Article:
Clipped From The Tennessean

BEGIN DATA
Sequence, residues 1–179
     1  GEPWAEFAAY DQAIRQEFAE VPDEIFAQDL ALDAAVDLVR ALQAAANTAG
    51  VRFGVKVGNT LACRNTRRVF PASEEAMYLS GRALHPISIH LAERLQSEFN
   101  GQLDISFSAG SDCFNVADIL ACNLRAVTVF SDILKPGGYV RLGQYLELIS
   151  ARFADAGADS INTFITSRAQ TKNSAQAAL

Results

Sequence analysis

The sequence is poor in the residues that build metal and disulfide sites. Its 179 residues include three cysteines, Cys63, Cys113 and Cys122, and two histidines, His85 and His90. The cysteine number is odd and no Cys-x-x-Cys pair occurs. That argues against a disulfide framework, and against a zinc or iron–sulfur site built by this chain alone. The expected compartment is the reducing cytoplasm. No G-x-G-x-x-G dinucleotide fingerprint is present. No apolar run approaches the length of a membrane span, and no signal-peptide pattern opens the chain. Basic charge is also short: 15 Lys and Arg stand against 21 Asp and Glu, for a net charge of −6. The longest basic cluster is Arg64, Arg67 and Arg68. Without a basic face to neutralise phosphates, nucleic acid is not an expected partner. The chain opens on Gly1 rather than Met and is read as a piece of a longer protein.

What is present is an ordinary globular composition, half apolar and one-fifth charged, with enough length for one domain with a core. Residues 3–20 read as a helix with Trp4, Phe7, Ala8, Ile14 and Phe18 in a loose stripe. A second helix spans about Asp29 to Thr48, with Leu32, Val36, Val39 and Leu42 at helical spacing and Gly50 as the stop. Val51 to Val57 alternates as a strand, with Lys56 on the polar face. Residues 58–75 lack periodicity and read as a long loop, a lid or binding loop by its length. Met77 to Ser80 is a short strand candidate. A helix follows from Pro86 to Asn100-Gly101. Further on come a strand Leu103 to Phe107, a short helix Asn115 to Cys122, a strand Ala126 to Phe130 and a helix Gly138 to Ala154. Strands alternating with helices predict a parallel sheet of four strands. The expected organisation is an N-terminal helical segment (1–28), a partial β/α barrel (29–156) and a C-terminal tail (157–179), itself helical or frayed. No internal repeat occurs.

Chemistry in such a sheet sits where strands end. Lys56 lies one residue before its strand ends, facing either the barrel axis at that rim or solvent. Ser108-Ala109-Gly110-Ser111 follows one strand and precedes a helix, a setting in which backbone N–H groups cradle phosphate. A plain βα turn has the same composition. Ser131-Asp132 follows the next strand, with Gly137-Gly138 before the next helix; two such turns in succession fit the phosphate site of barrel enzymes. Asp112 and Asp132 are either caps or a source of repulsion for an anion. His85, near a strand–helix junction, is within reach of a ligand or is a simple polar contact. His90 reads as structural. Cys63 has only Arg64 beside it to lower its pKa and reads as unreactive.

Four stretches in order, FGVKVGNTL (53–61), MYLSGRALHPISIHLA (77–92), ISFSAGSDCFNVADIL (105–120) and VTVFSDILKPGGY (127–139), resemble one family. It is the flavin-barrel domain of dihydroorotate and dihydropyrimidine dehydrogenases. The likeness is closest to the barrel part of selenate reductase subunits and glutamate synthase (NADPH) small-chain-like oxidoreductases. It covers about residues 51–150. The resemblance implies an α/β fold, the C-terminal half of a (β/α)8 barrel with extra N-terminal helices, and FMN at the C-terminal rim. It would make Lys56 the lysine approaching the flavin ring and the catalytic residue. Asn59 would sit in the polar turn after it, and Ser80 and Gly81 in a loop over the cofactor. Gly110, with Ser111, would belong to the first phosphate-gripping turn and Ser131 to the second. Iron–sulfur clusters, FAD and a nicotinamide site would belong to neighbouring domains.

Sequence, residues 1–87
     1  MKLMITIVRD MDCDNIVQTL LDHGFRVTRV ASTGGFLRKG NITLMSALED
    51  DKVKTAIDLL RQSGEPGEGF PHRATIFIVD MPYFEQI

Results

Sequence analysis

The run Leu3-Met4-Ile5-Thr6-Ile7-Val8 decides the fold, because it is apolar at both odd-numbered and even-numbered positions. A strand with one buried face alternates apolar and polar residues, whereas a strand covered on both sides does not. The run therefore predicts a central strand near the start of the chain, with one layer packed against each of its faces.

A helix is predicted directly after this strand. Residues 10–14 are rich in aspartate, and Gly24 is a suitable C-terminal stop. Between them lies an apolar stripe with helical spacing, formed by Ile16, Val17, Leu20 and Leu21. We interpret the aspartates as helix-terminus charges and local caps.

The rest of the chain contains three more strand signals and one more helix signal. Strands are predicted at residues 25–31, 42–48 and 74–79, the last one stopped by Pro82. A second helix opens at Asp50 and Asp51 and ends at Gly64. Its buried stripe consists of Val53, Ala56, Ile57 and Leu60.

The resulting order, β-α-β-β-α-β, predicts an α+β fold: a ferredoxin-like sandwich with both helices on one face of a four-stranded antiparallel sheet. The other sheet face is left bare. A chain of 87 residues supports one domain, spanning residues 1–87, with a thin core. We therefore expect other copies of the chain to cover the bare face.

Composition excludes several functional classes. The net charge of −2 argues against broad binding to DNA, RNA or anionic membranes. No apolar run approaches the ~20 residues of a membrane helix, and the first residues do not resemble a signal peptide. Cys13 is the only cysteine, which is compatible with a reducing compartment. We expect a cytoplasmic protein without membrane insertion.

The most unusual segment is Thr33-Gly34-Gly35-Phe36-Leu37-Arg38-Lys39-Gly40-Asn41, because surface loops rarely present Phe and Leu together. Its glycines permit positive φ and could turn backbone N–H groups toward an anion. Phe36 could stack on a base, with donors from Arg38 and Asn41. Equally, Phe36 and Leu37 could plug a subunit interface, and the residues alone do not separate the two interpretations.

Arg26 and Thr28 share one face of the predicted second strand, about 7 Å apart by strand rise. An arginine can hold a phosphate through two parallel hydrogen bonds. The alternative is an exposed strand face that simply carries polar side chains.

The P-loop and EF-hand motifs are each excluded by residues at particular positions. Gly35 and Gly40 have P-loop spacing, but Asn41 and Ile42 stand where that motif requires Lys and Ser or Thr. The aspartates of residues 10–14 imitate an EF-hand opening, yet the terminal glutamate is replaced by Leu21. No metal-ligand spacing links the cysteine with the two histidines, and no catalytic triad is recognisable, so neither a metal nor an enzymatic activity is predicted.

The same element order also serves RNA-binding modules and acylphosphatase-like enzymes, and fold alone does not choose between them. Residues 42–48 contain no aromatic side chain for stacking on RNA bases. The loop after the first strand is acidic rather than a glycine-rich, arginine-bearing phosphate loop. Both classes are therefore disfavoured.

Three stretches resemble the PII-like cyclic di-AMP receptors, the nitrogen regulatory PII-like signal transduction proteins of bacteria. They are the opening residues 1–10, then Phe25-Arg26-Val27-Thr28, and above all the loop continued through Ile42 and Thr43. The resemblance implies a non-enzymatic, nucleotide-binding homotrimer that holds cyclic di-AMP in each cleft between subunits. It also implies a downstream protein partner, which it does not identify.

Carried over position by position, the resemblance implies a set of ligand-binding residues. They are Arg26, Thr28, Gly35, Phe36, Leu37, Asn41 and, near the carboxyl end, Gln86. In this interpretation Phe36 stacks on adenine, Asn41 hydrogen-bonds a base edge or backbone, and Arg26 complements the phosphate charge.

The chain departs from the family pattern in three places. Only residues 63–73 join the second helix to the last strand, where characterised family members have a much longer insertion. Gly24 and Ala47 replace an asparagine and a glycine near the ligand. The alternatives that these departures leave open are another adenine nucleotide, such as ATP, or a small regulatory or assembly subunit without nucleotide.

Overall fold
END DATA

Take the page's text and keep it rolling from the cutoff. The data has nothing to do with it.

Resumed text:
68 T d.y. rfcr-r to lWt TH1 TENNESSIAM LOCAL Attorney by filing By KIRK LOCCINS Stuff Writer ' Circuit Judge Marietta Shipley took herself off Nashville lawyer Robert Phillips Turner Jr.'s bitter divorce case last week, after Turner filed' qualifying papers to run Against her in the August general election. But lawyers representing Turner said ..yesterday after another oman judge was assigned to handle his case that he has decided not to oppose Shipley after all. Turner filed a notice yesterday in Circuit Court, saying he doesnt care whether Shipley or Chancellor Carol McCoy hears the remaining issues in his divorce case, which is now in its eighth year. Turner had filed a petition with the Davidson County Election Commission qualifying him to run against Shipley, as an independent, in the August election. Turner, 52, was considered a long shot in the judicial race, because he has not actively practiced law since 1992 and he has received mental disability payments for most of the time since then. He has remained in good standing, however, with state legal discipline officials. Shipley took herself off Turner's case last week when she learned that Turner had filed papers qualifying himself to run against her. LShipley cited a provision of the state's judicial ethics code: "A judge shall disqualify himself or herself in a proceeding in which the judge's impartiality might reasonably be questioned." Turner said in a court pleading filed in 1994 that his ex-wife boasted that she would be "immune from adverse rulings" so long as a woman judge handled their divorce case. Turner did not respond to messages that a reporter left Friday and yesterday at his home and his office in Green Hills. His long-running divorce case has been marked by disputes over mon- gets judge off case to run against her ey, child visitation, telephone privileges and religious training. He accused his ex-wife, Ginger Dianne Griggs Vooys, 44, of violating a promise that she would raise their two daughters in the Churches of Christ, rather than in the Baptist faith of her childhood. Ginger Vooys, who married Turner in 1980, took the couple's two children and moved into a domestic violence shelter in April 1991. One week later, she filed a request for separate maintenance (a legal step short of divorce) and got a court order restraining Turner from harassing or threatening her or interfering with her custody of their children. Turner then checked into a South Dakota hospital for treatment of depression and other problems, according to court records. The couple attempted to reconcile, but that did not work, and Turner was treated for work addiction and depression in Arizona in mid-1992. Vooys filed for divorce in September 1992. Three therapists who had dealt with the family wrote a joint letter in October 1992 warning that the couple's family situation "has many of the hallmarks of the murder-suicide syndrome." In April 1993, Turner's attending physician certified that he could no longer work as a trial lawyer because of his obsessive-compulsive personality and his predisposition toward depression. Turner's disability insurance carrier began paying him about $12,000 a month in June 1993, and those payments continued until last May, court records show. When Shipley granted the Turners a divorce in 1994 and gave custody of the children to Vooys, the judge ordered Turner to pay his ex-wife $2,000 a month in child support, plus an additional $1,500 a month to go into an educational trust fund for their children. The judge ordered Turner to pay Vooys $1,500 a month in alimony for two to three years, to help her obtain a graduate degree. Shipley also awarded the couple's home on Nichol Lane, at the edge of Belle Meade, to Vooys, but said that Turner could repurchase it for $185,000. The lawyer accepted that offer and posted $185,000 with court officials while he pursued an appeal of Shipley's rulings in the case. Turner filed an affidavit in 1994 in which he said that his "once successful law practice was in ruins as a result of my former wife's false allegations against me." He said then that he hoped to "rebuild my law practice without the hindrances created by my former wife and her vicious, vindictive spirit" Shipley limited Turner's access to his children after one hearing in 1995, saying that he was trying to "control" their lives through the visitation process. "You know, fathers dont generally write their daughters letters every day," the judge told Turner. A three-judge panel of the Tennessee Court of Appeals affirmed most of Shipley's rulings in the Turner case last March. Turner's disability payments ended last May, prompting him to ask for a reduction in his child support obligations. Saying that he "currently has no income," Turner asked Shipley last fall to refer his continuing disputes with his ex-wife over money and child custody questions to a mediator. He said in a motion filed last December that he "is not currently able to practice law," is "living on borrowed funds" and continues to be treated by a psychiatrist, a hypertension specialist, an internist and a counselor. Metro election officials said that Turner meets the qualifications to run for judge because he is more than 30 years old, a longtime resident of Davidson County and a licensed attorney. ; 1 ; '